‘Buffer zone’ case going to high court

Categories: Nation/World

Pro-lifers challenging Massachusetts law that keeps them distant from abortion clinics feel they’ll prevail

July 5, 2013, edition
By Tanya Connor
Catholic News Service

Two Worcester sidewalk counselors are among seven plaintiffs in the “buffer zone” lawsuit the U.S. Supreme Court agreed to hear during its next term.

The court announced June 24 that it accepted the case, which challenges lower court rulings that the Massachusetts buffer zone law is constitutional.

U.S. Supreme Court accepts case challenging Massachusetts 'buffer zone' law

That law prohibits most people, including those offering alternatives to abortion, from going closer than 35 feet to entrances, exits and driveways of abortion facilities, said Michael J. DePrimo, one of the plaintiffs’ attorneys. Zone lines encompass parts of streets and sidewalks.

The law exempts people entering the clinics, clinic agents — such as those escorting clients — as well as clinic employees, and other people such as police officers and firefighters, DePrimo said.

Others may walk through the zones if their sole purpose is to get to the other side, he said. But he said other activities, like waiting for a bus or taking news photos, are not permitted.

DePrimo said he expects the court, which starts its next term in October, to hear oral arguments in the case in December or January, and rule on it next spring.

“We’re extremely confident that we’re going to prevail,” he said, noting that the plaintiffs believe lower courts strayed from Supreme Court limitations on regulating free speech.

He said he thinks the court will declare the entire buffer zone law unconstitutional, but the Massachusetts Legislature could try to craft another law that would comply with the ruling.

‘I wouldn’t have to yell’

Nancy Clark, a wife and mother from Our Lady of the Angels Parish in Worcester, said, “I’m hoping and praying this case will change the law, because it would make a huge difference in saving babies.”

She does sidewalk counseling outside Planned Parenthood League of Massachusetts in Worcester, where abortions are performed.

With a change in law, “I wouldn’t have to yell,” she told The Catholic Free Press, newspaper of the Worcester Diocese. When yelling to get clinic clients’ attention from a distance “you look like a fanatic” and “they may not hear what we are saying,” she said.

Sidewalk counselor, Mark Bashour, of Our Lady of Perpetual Help, the Melkite Catholic parish in Worcester, said he became a plaintiff “for closer access as pro-life counselors.”

Even those not against abortion should see that the law is unconstitutional and dangerous, he said.

“It’s not a very healthy precedent,” he said. “What happens when the government doesn’t like what you’re doing with your freedom of speech? What are they going to do next if this is found constitutional?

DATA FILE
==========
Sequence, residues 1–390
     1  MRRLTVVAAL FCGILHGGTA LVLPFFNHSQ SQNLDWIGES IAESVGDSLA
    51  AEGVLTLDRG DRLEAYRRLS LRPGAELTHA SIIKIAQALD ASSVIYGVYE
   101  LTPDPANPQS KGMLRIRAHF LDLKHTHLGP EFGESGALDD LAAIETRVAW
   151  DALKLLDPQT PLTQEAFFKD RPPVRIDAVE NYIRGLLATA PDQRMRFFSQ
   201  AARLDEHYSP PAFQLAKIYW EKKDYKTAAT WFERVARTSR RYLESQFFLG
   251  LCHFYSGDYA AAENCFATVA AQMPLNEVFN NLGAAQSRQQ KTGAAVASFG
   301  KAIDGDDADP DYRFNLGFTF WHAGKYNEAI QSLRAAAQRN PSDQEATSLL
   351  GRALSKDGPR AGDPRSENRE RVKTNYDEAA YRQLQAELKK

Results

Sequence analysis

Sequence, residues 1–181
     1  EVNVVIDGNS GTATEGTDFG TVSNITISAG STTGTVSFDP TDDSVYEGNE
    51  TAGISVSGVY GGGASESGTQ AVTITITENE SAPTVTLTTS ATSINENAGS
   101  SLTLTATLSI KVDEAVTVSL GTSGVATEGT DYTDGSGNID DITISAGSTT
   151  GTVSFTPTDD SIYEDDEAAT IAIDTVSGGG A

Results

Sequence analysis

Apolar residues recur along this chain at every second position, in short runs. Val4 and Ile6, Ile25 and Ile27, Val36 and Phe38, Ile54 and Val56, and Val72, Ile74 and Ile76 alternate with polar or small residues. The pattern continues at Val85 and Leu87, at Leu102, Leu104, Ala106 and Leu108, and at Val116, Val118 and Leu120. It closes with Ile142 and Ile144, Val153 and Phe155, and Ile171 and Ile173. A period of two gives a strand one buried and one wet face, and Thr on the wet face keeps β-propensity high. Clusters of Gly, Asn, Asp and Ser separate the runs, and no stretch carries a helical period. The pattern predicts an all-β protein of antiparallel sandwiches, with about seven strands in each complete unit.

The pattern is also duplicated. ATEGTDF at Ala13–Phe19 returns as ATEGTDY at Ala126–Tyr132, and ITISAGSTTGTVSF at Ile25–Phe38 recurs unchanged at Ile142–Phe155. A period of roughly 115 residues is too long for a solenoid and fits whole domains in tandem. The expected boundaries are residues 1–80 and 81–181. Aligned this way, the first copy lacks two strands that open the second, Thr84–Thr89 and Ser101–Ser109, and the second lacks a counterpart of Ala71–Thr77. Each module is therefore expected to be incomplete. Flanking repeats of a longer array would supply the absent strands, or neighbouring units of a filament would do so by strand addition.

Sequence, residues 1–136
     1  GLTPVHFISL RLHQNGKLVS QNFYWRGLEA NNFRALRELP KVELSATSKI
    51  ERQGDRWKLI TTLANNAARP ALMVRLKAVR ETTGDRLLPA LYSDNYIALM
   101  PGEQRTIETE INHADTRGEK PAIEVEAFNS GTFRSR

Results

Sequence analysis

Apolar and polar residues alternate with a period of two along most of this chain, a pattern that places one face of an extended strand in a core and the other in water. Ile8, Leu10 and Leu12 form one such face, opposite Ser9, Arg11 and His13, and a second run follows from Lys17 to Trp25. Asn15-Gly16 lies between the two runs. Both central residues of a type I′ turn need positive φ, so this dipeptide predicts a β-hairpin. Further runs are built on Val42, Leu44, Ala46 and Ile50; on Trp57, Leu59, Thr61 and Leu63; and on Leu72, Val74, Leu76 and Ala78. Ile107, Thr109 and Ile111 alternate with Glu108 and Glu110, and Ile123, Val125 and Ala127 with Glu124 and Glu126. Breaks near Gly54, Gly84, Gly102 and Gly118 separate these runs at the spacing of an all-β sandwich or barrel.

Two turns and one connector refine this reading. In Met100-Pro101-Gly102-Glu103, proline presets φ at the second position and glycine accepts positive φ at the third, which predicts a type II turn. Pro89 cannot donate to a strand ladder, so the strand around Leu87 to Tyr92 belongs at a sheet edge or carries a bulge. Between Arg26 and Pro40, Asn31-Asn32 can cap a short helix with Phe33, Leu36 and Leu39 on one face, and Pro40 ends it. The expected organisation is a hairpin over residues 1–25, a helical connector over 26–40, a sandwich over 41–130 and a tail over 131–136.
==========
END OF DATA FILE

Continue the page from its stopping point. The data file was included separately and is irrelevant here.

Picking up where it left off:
“My big goal is one day abortion will be found unconstitutional,” he said, adding that he hopes people will realize the unborn are living human beings who should have rights like everyone else.

Trying to help, not harass

“This is a First Amendment right,” said lead plaintiff Eleanor McCullen, of St. Ignatius Parish at Boston College. “My feeling is, I should be able to speak to whomever I want, wherever I want. I shouldn’t be curtailed by this line, because I lose people. I’m not harassing. . . . I’m just a grandmother trying to offer help.”

The other plaintiffs who do sidewalk counseling or pray outside the Planned Parenthood facility in Boston are Father Eric Cadin, Jean Blackburn Zarrella and Gregory A. Smith, and the plaintiff who counsels outside the Planned Parent-
hood facility in Springfield is Cyril Shea, ­DePrimo said.

DePrimo, whose practice is in Hamden, Conn., said he previously challenged a 20-foot fixed buffer zone adopted by the city of West Palm Beach, Fla. In 2006, the federal court ruled that that law was unconstitutional.

In 2007, the Massachusetts Legislature passed the current buffer zone law, and he offered to litigate it pro bono; he’s one of several attorneys doing so, he said. The others include Philip D. Moran and Mark L. Rienz.

Their main points are that the buffer zone law discriminates according to viewpoint, violates equal protection and third parties’ First Amendment rights and is not narrowly tailored, DePrimo said.

Favoritism seen in law

Viewpoint discrimination refers to allowing clinic employees to support abortion within the buffer zone, while pro­-
hibiting pro-lifers from opposing it there, he said. This also violates the constitutional right to equal protection by showing favoritism to certain classes of people, he said.

He said plaintiffs also argue that the law is substantially overbroad; it violates rights of third parties not there to support or oppose abortion, but simply to use the public space for other purposes.

Plaintiffs challenge the law for vagueness, because it allows people to pass through the zone if their sole purpose is to get to another destination, but is not clear what “solely” means, he said. He said an assistant attorney general admitted that this even prohibits people from wearing clothing promoting a sports team while walking through.